The European wars of religion are also known as the Wars of the Reformation (and Counter-Reformation).[1][7][8][9] In 1517, Martin Luther‘s Ninety-five Theses took only two months to spread throughout Europe with the help of the printing press, overwhelming the abilities of Holy Roman Emperor Charles V and the papacy to contain it. In 1521, Luther was excommunicated, sealing the schism within Western Christendom between the Roman Catholic Church and the Lutherans and opening the door for other Protestants to resist the power of the papacy.

Although most of the wars ended with the Peace of Westphalia in 1648,[1][2] religious conflicts continued to be fought in Europe until at least the 1710s.[6] These included the Savoyard–Waldensian wars (1655–1690),[2][6] the Nine Years’ War (1688–1697, including the Glorious Revolution and the Williamite War in Ireland),[2] and the War of the Spanish Succession (1701–1714).[2] Whether these should be included in the European wars of religion depends on how one defines a ‘war of religion‘, and whether these wars can be considered ‘European’ (i.e. international rather than domestic).[10]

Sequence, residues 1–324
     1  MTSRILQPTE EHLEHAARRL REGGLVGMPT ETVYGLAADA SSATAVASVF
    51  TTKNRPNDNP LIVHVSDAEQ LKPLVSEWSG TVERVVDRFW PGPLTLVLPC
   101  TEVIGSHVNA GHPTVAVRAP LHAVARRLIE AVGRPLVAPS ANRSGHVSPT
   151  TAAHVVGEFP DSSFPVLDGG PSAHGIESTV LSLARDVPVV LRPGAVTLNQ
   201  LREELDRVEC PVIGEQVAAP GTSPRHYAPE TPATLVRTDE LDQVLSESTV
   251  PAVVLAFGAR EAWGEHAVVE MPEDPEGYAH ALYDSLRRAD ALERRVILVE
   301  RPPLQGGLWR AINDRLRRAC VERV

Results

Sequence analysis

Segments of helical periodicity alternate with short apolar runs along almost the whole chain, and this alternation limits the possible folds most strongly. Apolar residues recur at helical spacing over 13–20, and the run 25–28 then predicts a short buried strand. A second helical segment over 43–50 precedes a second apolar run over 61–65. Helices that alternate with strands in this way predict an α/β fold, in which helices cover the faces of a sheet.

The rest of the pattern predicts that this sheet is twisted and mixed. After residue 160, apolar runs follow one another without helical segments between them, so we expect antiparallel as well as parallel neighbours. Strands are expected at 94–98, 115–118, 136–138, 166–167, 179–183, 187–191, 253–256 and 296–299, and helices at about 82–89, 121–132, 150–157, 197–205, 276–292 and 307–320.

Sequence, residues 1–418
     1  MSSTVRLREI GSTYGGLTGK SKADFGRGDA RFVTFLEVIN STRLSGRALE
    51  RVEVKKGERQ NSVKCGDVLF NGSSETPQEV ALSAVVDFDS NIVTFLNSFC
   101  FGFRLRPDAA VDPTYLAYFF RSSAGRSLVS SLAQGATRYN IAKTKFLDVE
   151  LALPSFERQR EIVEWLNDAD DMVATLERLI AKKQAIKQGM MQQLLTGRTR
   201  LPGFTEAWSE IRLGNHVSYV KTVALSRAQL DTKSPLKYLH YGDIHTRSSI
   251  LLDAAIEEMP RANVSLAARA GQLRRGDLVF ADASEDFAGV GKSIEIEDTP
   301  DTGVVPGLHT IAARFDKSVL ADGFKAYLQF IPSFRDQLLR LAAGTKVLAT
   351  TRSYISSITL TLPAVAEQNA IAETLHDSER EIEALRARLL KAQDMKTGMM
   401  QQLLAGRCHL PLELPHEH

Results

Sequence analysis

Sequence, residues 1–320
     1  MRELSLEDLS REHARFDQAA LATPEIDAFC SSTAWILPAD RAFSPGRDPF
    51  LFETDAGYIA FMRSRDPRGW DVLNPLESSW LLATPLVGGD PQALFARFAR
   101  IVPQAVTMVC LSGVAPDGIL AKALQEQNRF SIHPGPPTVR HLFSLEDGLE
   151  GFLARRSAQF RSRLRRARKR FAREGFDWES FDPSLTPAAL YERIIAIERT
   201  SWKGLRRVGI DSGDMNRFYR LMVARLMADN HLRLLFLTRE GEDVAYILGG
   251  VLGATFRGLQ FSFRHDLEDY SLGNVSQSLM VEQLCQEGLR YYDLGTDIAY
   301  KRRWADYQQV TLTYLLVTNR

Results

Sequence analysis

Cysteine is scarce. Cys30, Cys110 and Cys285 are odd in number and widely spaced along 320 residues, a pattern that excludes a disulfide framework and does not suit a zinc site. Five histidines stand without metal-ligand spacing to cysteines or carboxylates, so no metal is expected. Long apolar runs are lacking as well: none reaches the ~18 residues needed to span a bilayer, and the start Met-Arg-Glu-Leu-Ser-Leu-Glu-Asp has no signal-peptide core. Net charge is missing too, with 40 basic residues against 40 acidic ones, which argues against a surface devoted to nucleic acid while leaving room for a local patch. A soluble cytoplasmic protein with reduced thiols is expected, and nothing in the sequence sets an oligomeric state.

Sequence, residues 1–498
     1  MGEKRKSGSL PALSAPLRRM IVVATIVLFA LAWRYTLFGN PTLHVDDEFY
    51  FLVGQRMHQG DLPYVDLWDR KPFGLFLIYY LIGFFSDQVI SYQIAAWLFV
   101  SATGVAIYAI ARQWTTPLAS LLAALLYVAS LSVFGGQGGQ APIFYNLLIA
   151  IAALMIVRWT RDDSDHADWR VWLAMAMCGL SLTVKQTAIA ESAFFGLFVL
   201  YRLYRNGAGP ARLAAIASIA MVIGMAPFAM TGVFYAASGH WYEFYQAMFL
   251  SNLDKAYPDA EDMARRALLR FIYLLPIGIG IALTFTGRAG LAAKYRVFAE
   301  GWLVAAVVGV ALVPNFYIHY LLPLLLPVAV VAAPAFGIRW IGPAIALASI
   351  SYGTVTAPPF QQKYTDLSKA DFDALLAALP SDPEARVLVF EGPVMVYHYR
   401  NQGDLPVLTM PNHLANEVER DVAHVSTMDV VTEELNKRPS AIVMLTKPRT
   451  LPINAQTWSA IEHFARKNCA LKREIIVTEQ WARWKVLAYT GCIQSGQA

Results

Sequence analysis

The religious nature of the wars has also been debated, and contrasted with other factors at play, such as national, dynastic (e.g. they could often simultaneously be characterised as wars of succession), and financial interests.[3] Scholars have pointed out that some European wars of this period were not caused by disputes occasioned by the Reformation, such as the Italian Wars (1494–1559, only involving Catholics)[note 1] and the Northern Seven Years’ War (1563–1570, only involving Lutherans).[1] Others emphasise the fact that cross-religious alliances existed, such as the Lutheran duke Maurice of Saxony assisting the Catholic emperor Charles V in the first Schmalkaldic War in 1547 in order to become the Saxon elector instead of John Frederick, his Lutheran cousin, while the Catholic king Henry II of France supported the Lutheran cause in the Second Schmalkaldic War in 1552 to secure French bases in modern-day Lorraine.[3] The Encyclopædia Britannica maintains that “[the] wars of religion of this period [were] fought mainly for confessional security and political gain”.[3]